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March 1, 2013 4:34 pm

Penny Waga – My Mother, My Hero

avatar by Ronn Torossian

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Lit candle. Photo: wiki commons.

My mother, Penny Waga passed away this week after a long illness. As someone who loved – and was loved – by her more than anything in the world, the loss was devastating for me.  She was born in a WWII DP camp to a family of survivors who moved to Israel as refugees before making their way over to the United States.

As Jews we are taught to strive to see the good in everything, even after the loss of a loved one. I would therefore like to share my mothers tale which could serve as a parable for the strength and continuity of the Jewish people.

My mom didn’t have an easy life.  Her parents were Holocaust survivors who worked very hard to raise her and her brother. Their families suffered every imaginable, awful fate during the Holocaust. Most of their relatives were wiped out.

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There was also the scars symptomatic of those raised by survivors.  In the last few months of her life my mother learned that her father, Morris Waga had been married with a family before he married my grandmother.  He lost that wife and a 3-year old daughter in the camps to the Nazis.  Yet, throughout his entire life he never told my mother or her younger brother. What a burden my grandfather must have carried all his life.

My mom spent so much time researching, reading, and studying about the Holocaust.  She attended conferences, discovered obscure files, and spent days at Yad Vashem.  She never shared with us her “master file” on the dozens of family members we lost which she uncovered.

A month ago I visited Israel and had the privilege of bringing my mom’s grandchildren, my kids, to Yad Vashem. I found documents at the museum signed by her parents, which they filled out in the 1950’s upon arriving in Israel. The papers contained details about their family members which were killed during the Shoah. For me, walking the streets of Jerusalem together with my family felt like a triumph of Jewish history – even as I cried as we walked the grounds knowing that we were the heritage of what she had studied and learned so much about.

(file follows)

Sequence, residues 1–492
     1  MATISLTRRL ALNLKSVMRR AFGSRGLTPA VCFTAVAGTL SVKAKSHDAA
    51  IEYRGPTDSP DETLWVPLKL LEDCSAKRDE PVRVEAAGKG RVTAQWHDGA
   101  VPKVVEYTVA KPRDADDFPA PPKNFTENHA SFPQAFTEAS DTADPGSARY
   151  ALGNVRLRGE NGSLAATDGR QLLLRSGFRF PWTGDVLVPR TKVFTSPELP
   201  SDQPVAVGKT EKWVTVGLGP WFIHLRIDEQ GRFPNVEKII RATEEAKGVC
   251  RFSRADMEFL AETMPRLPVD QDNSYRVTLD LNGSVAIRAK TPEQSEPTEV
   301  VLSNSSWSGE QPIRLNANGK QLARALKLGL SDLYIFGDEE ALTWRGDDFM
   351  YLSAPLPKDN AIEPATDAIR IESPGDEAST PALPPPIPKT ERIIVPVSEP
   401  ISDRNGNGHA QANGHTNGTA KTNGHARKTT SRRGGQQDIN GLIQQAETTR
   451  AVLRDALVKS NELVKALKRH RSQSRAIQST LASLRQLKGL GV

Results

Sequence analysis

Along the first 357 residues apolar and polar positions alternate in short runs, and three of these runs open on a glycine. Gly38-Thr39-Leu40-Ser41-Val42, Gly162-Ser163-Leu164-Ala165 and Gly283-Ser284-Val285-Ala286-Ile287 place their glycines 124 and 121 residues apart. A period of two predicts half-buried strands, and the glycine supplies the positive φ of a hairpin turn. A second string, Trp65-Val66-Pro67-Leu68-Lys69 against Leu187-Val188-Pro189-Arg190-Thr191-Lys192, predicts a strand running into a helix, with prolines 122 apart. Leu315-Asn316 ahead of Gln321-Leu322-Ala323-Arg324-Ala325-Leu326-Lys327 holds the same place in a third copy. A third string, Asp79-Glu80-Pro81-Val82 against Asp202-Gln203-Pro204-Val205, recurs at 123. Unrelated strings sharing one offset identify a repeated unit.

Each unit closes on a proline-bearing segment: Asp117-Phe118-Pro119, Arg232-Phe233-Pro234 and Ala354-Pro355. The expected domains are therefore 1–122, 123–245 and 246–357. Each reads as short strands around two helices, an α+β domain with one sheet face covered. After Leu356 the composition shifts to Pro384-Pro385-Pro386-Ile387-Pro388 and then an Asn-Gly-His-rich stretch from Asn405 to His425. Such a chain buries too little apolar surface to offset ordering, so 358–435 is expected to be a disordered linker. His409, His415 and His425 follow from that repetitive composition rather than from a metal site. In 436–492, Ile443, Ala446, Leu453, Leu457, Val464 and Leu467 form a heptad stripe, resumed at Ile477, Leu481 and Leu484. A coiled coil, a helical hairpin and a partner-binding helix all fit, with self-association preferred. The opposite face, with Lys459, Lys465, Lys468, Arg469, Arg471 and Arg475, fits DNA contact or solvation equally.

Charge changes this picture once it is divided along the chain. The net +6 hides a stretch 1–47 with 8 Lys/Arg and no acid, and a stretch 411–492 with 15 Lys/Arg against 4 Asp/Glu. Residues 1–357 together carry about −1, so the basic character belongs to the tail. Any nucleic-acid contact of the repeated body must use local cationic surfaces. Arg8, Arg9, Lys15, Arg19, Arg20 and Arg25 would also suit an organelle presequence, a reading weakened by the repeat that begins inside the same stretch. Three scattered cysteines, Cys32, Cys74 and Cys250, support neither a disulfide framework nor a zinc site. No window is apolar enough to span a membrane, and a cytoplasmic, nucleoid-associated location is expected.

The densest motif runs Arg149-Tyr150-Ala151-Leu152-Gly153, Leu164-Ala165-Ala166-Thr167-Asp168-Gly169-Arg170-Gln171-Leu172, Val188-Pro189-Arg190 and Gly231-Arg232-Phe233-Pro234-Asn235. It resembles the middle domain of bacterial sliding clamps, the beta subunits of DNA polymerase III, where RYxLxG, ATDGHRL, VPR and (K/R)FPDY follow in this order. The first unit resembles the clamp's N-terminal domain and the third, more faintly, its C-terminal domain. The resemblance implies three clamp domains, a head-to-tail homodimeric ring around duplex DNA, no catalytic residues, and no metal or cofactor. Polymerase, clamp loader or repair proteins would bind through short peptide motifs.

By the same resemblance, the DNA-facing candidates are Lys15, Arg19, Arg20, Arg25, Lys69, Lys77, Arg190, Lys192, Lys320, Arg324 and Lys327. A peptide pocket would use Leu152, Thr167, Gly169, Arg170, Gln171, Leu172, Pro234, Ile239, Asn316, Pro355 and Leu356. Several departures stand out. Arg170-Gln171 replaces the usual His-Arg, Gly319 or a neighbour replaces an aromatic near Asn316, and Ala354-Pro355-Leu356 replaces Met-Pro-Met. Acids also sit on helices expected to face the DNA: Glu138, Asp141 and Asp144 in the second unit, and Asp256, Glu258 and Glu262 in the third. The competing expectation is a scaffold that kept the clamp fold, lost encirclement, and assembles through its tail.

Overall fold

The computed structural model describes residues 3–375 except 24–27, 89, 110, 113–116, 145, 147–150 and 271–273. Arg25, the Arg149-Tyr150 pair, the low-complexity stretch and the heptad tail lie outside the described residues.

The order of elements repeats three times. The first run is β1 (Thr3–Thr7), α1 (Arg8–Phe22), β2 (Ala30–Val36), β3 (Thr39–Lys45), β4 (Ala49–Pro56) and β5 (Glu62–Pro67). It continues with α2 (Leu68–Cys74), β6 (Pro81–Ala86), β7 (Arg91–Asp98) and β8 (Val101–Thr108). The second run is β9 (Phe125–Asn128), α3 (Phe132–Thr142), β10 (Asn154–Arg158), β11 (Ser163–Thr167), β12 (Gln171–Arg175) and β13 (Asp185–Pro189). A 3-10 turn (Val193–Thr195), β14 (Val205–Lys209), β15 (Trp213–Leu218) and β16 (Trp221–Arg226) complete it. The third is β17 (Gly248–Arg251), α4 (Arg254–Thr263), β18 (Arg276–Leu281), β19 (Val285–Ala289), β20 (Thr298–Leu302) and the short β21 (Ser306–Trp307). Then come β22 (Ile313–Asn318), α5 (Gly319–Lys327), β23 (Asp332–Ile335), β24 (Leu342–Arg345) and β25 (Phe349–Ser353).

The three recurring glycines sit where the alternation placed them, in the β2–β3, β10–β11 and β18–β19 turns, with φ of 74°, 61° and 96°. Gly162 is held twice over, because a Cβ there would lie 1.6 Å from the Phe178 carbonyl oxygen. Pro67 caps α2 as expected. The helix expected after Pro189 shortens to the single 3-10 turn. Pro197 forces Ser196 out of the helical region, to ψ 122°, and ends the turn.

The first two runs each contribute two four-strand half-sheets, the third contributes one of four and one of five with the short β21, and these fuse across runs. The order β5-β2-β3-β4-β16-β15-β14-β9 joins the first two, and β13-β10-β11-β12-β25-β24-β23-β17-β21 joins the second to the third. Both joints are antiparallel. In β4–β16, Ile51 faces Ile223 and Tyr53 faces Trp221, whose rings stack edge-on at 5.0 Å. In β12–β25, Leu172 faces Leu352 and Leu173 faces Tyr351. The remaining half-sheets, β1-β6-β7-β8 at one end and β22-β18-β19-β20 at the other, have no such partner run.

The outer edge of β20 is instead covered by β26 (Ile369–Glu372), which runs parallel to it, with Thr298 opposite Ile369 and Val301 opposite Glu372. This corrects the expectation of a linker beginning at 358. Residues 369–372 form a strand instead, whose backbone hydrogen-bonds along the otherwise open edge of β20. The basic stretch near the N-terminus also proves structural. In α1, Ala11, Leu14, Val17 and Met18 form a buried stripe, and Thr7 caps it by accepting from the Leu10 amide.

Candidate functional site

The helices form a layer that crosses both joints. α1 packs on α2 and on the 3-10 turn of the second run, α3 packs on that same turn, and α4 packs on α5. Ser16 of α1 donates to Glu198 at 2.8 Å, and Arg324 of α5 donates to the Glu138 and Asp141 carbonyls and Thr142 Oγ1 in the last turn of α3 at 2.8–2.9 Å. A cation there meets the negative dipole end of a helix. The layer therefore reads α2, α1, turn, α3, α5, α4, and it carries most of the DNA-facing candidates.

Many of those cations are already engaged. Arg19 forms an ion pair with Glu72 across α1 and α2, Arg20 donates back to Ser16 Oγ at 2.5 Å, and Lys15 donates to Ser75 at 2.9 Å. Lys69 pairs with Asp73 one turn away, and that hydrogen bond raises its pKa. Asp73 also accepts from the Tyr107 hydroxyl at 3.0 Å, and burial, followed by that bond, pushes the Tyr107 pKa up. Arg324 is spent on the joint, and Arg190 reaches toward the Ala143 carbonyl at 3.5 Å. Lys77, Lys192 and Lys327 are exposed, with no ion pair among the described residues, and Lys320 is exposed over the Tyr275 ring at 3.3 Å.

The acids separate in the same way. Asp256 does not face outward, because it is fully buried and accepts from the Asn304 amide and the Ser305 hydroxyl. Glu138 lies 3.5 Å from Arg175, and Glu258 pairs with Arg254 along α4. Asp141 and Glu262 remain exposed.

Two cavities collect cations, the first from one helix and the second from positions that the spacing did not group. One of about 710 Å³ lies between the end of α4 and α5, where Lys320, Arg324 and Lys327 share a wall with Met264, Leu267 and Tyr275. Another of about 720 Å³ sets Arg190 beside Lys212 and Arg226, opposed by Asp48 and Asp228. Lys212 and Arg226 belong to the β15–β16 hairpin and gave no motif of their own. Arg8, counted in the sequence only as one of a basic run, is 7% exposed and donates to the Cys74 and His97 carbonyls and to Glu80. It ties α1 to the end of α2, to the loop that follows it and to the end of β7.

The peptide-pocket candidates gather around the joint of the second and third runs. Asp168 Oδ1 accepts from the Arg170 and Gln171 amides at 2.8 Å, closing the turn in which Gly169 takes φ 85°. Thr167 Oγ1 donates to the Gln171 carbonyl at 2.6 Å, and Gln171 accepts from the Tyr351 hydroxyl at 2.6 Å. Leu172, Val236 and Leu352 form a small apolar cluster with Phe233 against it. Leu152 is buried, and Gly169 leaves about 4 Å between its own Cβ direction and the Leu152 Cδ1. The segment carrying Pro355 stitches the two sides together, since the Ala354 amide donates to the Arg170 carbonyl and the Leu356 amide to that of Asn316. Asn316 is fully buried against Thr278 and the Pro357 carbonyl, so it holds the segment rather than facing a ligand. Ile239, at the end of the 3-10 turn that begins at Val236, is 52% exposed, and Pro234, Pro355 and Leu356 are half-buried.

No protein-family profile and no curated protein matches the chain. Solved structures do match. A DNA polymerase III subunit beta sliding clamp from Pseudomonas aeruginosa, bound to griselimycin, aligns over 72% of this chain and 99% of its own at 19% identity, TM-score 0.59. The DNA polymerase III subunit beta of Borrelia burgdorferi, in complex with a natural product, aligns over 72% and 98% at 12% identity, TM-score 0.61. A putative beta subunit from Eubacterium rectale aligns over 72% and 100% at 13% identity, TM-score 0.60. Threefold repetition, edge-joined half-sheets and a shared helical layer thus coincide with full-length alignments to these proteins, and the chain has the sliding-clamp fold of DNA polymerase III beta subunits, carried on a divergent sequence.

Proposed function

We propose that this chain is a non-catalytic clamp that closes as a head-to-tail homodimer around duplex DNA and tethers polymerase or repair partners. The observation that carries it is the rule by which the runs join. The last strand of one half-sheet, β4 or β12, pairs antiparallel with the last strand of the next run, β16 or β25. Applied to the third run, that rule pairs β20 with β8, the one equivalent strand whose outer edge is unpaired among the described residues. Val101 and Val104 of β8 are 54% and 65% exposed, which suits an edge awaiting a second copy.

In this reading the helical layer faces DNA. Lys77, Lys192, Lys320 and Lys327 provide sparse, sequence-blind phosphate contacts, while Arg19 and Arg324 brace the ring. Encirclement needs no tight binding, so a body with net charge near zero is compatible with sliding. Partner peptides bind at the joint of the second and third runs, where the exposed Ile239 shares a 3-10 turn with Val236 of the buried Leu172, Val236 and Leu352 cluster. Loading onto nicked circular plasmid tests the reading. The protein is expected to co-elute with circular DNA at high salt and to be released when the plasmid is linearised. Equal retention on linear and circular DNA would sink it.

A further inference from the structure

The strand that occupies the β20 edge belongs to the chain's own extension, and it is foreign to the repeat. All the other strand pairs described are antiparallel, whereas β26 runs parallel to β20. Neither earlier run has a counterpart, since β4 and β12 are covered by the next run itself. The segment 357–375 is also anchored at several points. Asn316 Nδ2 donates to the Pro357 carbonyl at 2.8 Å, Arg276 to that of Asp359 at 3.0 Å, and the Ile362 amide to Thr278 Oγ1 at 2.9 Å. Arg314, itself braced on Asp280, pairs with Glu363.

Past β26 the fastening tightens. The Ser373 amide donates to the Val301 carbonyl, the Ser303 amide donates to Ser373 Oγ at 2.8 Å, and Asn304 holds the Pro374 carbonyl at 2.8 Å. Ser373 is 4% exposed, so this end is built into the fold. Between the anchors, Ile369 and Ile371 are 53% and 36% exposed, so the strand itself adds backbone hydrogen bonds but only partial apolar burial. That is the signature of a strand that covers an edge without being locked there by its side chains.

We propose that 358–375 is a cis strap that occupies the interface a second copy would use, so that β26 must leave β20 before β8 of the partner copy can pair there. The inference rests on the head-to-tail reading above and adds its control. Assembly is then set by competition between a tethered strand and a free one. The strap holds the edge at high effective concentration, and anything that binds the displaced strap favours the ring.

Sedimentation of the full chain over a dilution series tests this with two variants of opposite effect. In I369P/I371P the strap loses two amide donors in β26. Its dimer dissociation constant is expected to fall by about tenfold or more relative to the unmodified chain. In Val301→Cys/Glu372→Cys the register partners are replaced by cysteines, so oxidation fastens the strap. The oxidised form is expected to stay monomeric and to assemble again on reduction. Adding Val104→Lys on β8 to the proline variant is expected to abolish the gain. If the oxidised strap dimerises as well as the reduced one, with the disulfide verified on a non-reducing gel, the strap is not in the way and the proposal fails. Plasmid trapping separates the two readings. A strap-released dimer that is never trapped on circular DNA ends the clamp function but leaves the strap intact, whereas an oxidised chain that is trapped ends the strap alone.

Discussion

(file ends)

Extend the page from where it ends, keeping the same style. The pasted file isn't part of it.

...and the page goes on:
Of course my mother loved us so much. My mom was bright and tough and taught us values, courage, wisdom, strength and decency.  She told us every single day that we could do anything we set our minds out to do.  We heeded and believed her – and knew that our mother would and could do anything and everything for us. And she did.

How I remember walking the streets of Netanya with her as a kid when we went daily to the water park- and how I remember walking the streets of Hebron with her as an adult. How I vividly recall walking to shul with her – and how she loved the Hebrew Institute of Riverdale women’s tefillah group. And today I am so proud my children are able to attend yeshivas.

As a proud Jew, she taught me so much by example. Whether in her days at Betar or always advocating for me and my sister on anything and everything. My mother was so proud that professionally she grew to serve as Executive Director of PEF Israel Endowment Funds. PEF was established in 1922 by Justice Brandeis, Rabbi Stephen Wise, Robert Szold and a group of distinguished Americans to enable the direct distribution of funds to selected and approved charitable organizations in Israel.  And through her work at PEF, she was able to help so many Israeli causes she cared about so much – from women’s’ learning in Kiryat Arba to dogs for the blind in Israel, Kiruv projects  and work with new immigrants.

Through her blood, sweat and tears she somehow managed to raise me and my sister. My mother once wrote me a note many years ago which says “Enjoy this, try to make the most of it, and I hope when all is said and done you will see it is all really worth it.” As my mom often told me “We never know what tomorrow can bring.” Mom – I hope and pray that your tomorrow is better than today. Life without you is something I can’t imagine.  But I can tell you that you will be loved forever – and from the scraps of the Holocaust a family has arisen that will continue to grow.

Your parents are buried in the same cemetery as you- and I hope today you are walking with them and with all of our other family members who were tragically killed.  Thank you mom thank you.

“Enjoy this, try to make the most of it, and I hope when all is said and done you will see it is all really worth it.” Those are words I will remember as long as I am in this world.

Ronn Torossian

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  • Mark

    A very beautiful tribute – זיכרונה לברכה
    May HaShem comfort your family among the other mourners of Zion and Yerushalayim.

  • Dear Ronn,
    This is one of the most moving tributes to a parent I have ever read. Though my mother, zichronah l’vracha, was not a Holocaust survivor, she was the daughter of poor immigrant parents who came from Russia before the Revolution after they had been through plenty, only to go through the Depression and have children who went back to Europe with the US armed forces during WWII. My mom had a hard life, too, as she was also crippled in an accident, but she never let it stop her, and raised me with a sense of integrity, an appreciation for our people rising above its struggles, and an innate ability to teach the principles that encourage humanity in mankind. Your article shows the same kind of courage and decency in your mom, whom you were lucky to have as a mother, and to me, your mom, Penny Waga, was an inspiration, too, whom we have gotten to know, through you. May her memory always be blessed, and your family know from no more sorrow, though in the physical realm, it is a hard loss, but spiritually she will always be with you, and you will continue to realize her hopes and dreams.